"Everyone ages six months or older should get a flu shot," advises Dr. Susan Huang, UCI Health medical director of epidemiology and infection prevention. "It's a safe and proven vaccine and it should be your first step to protect you and your family from serious illness."
Flu season has arrived remarkably early and because it promises to be the worst in years, UCI Health experts are urging people to get vaccinated as soon as possible.
“Just like Australia, flu season has arrived early in the United States, and it’s likely to indicate a severe season," says Dr. Susan Huang, UCI Health medical director of epidemiology and infection prevention.
“Since the flu is already in circulation and it takes at least two weeks for the vaccine to reach full potency, I recommend getting the shot immediately,” she added.
The Centers for Disease Control and Prevention (CDC) has tracked a rise in U.S. cases, especially in the southeastern and south-central regions. Closer to home, San Diego County health officials reported a spike in early October.
The Orange County Health Care Agency, which also is seeing an increase in confirmed influenza infections, noted in an alert to healthcare providers that Australia’s recently concluded flu season was the most severe in five years.
Reduce your risk
Getting the flu shot will prevent or mitigate all infections. Studies show that influenza vaccinations reduce the need for a flu-related doctor visit by up to 60%, according to the CDC.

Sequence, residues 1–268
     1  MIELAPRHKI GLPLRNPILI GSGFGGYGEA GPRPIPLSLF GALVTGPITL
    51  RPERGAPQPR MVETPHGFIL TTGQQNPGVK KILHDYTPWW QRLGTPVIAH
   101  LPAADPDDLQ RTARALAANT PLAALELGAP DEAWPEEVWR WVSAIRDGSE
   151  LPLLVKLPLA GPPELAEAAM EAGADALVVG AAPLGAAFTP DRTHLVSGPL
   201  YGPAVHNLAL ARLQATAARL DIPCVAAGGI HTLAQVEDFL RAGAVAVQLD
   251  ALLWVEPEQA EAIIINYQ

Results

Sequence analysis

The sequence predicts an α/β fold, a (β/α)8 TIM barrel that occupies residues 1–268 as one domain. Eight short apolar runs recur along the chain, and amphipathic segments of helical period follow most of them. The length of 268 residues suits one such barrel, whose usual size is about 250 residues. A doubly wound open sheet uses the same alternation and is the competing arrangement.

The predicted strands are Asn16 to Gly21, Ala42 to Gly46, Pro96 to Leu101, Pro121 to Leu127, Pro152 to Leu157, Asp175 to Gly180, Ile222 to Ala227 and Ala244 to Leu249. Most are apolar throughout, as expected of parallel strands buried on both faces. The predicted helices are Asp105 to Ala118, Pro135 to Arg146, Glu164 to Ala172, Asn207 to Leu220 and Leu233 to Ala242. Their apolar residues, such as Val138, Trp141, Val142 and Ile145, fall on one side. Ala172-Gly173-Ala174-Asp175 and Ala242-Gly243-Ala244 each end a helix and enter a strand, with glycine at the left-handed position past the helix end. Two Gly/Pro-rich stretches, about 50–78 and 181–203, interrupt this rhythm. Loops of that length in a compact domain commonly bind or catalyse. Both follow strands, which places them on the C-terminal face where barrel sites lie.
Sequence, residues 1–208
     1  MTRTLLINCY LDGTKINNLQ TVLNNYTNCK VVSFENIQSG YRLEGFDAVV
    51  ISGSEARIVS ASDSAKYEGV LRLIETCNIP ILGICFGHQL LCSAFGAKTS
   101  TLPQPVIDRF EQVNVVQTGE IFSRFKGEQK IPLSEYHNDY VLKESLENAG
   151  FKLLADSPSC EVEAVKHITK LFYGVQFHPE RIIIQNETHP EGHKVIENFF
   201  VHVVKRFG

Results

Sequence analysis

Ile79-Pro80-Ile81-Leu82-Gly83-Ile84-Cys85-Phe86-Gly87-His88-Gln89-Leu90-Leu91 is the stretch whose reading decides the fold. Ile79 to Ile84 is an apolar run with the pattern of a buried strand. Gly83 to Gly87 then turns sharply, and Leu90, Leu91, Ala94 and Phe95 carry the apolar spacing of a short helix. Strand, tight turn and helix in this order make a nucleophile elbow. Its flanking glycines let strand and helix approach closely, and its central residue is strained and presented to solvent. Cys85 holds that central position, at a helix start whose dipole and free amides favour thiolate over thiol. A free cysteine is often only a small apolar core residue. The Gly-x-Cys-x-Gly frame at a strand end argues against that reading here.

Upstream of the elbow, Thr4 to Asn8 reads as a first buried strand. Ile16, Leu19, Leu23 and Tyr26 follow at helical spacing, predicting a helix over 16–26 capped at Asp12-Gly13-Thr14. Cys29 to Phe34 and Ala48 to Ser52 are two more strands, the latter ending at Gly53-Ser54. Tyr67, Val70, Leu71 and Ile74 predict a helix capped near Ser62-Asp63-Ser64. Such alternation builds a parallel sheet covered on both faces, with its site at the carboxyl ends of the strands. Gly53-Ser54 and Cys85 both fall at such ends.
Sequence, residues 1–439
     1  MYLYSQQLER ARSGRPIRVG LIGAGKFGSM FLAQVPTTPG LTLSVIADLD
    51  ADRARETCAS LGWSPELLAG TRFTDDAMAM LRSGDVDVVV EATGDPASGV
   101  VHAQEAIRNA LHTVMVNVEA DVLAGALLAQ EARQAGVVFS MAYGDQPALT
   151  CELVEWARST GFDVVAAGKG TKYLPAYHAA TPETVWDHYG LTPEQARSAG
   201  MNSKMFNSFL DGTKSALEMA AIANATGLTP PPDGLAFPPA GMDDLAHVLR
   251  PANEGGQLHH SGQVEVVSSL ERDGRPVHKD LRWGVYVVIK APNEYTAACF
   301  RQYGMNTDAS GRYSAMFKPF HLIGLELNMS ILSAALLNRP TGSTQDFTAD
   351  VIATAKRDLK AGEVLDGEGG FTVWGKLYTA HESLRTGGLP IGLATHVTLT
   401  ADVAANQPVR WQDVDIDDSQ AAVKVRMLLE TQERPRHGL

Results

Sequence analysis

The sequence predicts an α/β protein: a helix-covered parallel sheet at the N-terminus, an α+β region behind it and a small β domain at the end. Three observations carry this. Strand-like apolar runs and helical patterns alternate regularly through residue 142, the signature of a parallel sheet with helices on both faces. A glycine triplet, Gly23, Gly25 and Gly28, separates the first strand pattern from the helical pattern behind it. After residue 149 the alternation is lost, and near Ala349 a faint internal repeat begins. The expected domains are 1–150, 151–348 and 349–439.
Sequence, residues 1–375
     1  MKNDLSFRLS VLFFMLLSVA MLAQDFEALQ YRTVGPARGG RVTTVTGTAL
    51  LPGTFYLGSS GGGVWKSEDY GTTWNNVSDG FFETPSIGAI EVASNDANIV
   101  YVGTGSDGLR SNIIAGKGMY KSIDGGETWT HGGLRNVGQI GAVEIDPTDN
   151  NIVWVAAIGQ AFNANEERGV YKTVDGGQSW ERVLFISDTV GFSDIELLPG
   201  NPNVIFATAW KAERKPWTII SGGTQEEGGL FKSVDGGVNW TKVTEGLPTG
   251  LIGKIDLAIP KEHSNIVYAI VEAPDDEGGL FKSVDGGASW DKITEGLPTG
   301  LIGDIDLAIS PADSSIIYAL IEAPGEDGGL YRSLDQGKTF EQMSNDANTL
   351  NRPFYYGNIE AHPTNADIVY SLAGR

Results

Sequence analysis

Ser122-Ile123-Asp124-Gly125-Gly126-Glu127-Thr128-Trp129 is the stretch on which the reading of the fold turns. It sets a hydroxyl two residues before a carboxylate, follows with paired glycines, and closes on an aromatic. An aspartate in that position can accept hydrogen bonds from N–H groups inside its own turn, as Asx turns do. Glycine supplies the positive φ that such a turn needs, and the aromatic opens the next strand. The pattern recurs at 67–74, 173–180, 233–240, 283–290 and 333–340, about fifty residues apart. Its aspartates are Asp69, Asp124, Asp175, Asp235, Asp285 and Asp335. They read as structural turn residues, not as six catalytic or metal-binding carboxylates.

Because the recent flu season in Australia heavily impacted young children and is expected to also seriously affect adults with health issues, everyone ages six months or older should get a flu shot, Huang advises. “It’s a very safe and proven vaccine and it should be your first step to protect you and your family from serious illness."
Flu shots are especially important for older people, who are at greater risk of developing severe complications. If you are age 65 or older, be sure to get a vaccine designed to offer more protection.
Also at higher risk are people who have underlying health conditions or those whose work requires them to be in contact with a lot of people, especially in situations where ventilation is poor.
Huang says it’s safe to get a flu vaccine at the same time as the updated COVID-19 booster, which offers protection against new variants now circulating.
Resist vaccine fatigue
The last two flu seasons were mild because most people were masking and social distancing to prevent the spread of COVID-19.
Now that masks are off and life is largely back to normal, health experts worry that vaccine fatigue has set in.
“Many people are tired of hearing about COVID-19 vaccines and booster shots,” says Huang. “But this winter’s COVID, flu and respiratory virus season should not be ignored. Vaccines are the best prevention.”
Free flu shots are available at CVS and Walgreens or you can make an appointment with your primary care physician. California residents can also visit MyTurn.ca.gov to book a flu vaccine appointment or search for a walk-in clinic.